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Date of last update: 10/14/2017.
Forum Name: Gynecology
|Skarlet - Mon Oct 24, 2005 5:09 am||
I have this weird smelling white discharge every once in a while. I don't really know what it is or why it happens because it only happens occasionally and I only started noticing it recently (although I haven't been sexually active since may). I frequently have discharge but the smell isn't common. I don't think it's an STD because I ALWAYS use condoms and get tested before and after each partner plus have annual pap smears. I'm wondering if it might be a symptom of something else because I've never had regular periods. I'm almost 19 and I've been off and on birth control for years because I essentially don't have periods w/o it (I was first put on it when I was about 16 so that I would start having periods and it stops shortly after I go off the pill). I've had numerous hormone tests and that doesn't seem to be the problem. Recently I've been getting intense abdominal pains around my period and they seem to get worse and worse every month. Last month during my period my cramps/shooting pains were so bad that I literally couldn't function, I was driving with a friend once and they started and I had to pull over and let her drive because they were so bad all I could do was curl up and cry plus I've been getting more irritable. This month during my period I still had the pain and the mood swings (which were uncommon) as well as really frequent migraines, hot flashes, and night sweats (Also very uncommon).
If anybody has ANY advice, similar experiences, ANYTHING would be helpful.
|Dr. Tamer Fouad - Mon Jan 02, 2006 6:31 am||
Changes that may signal a problem include an increase in the amount of discharge, a change in the color or smell of the discharge, and irritation, itchiness or burning in or around your vagina. This is called vaginitis. The 3 most common causes of vaginitis are bacterial vaginosis, vulvovaginal candidiasis (yeast infection) and trichomoniasis. Vaginal discharge may also result from sexually transmitted diseases such as gonorrhea or chlamydia.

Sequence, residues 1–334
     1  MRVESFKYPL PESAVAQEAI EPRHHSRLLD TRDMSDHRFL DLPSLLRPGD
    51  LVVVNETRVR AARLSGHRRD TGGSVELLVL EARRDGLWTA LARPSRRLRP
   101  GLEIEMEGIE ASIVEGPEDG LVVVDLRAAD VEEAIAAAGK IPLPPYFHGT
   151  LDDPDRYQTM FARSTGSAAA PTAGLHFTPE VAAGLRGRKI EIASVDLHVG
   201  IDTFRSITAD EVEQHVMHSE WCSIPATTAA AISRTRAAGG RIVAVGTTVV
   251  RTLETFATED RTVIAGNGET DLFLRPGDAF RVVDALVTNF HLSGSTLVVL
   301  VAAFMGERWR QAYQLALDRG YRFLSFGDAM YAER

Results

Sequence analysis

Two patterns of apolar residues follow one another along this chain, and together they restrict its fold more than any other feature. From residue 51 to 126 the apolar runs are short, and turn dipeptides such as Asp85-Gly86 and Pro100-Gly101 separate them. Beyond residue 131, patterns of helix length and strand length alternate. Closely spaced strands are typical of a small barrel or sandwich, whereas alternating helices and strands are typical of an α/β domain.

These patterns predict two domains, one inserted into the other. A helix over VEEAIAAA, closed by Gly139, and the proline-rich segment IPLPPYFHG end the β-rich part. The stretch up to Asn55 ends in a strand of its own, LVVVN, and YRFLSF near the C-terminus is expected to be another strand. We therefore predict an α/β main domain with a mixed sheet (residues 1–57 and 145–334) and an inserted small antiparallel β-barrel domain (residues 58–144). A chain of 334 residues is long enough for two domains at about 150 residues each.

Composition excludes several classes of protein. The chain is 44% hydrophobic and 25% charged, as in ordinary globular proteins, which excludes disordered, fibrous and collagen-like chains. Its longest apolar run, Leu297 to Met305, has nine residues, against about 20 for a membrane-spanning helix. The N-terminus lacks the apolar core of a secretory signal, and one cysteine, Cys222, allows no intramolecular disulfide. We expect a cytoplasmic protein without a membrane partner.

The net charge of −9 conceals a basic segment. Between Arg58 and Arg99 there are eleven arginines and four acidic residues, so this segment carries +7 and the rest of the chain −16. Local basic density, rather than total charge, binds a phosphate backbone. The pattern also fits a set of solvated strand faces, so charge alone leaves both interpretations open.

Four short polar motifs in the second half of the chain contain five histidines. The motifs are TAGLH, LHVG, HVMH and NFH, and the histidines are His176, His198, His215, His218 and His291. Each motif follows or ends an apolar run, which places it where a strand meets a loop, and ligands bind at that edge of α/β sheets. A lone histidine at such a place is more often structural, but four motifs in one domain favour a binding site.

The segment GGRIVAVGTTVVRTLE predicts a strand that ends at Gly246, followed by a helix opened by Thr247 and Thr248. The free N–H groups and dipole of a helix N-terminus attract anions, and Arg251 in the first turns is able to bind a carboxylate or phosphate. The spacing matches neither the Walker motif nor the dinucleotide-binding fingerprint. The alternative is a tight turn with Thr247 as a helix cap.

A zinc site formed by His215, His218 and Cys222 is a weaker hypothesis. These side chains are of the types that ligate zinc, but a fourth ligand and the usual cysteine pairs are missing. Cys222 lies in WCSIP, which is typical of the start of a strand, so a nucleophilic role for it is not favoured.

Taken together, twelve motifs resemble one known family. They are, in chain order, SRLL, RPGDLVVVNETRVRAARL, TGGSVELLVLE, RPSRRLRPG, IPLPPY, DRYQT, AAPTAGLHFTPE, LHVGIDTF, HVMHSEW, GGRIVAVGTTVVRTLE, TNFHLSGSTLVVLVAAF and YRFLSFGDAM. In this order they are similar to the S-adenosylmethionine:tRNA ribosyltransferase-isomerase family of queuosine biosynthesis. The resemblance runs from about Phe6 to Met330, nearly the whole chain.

A white, curdlike discharge that looks like cottage cheese is a classic sign of yeast infection. Yellow, green or gray discharge is usually a sign of trichomonas or bacterial vaginosis. Bacterial vaginosis also has an unusual, fishy odor. Gonorrhea and chlamydia usually don't cause any symptoms at all. In some cases they present as a new vaginal discharge accompanied by fever, abdominal pain or pain during intercourse.
Studies have shown that the risk of yeast infection is increased in women who use oral contraceptive pills, a diaphragm and spermicide, or an IUD.
Usually yeast discharge does not present with any odor. This usually more common with bacterial vaginosis or trichomoniasis.
Microscopic examination in the lab can usually tell which type of infection it is.
1. Carr PL, Felsenstein D, Friedman RH. Evaluation and management of vaginitis. J Gen Intern Med 1998;13:335-46, and Sobel JD. Vaginitis. N Engl J Med 1997;337:1896-903.
2. Barbone F, Austin H, Louv WC, Alexander WJ. A follow-up study of methods of contraception, sexual activity, and rates of trichomoniasis, candidiasis, and bacterial vaginosis. Am J Obstet Gynecol 1990; 163:510-4.
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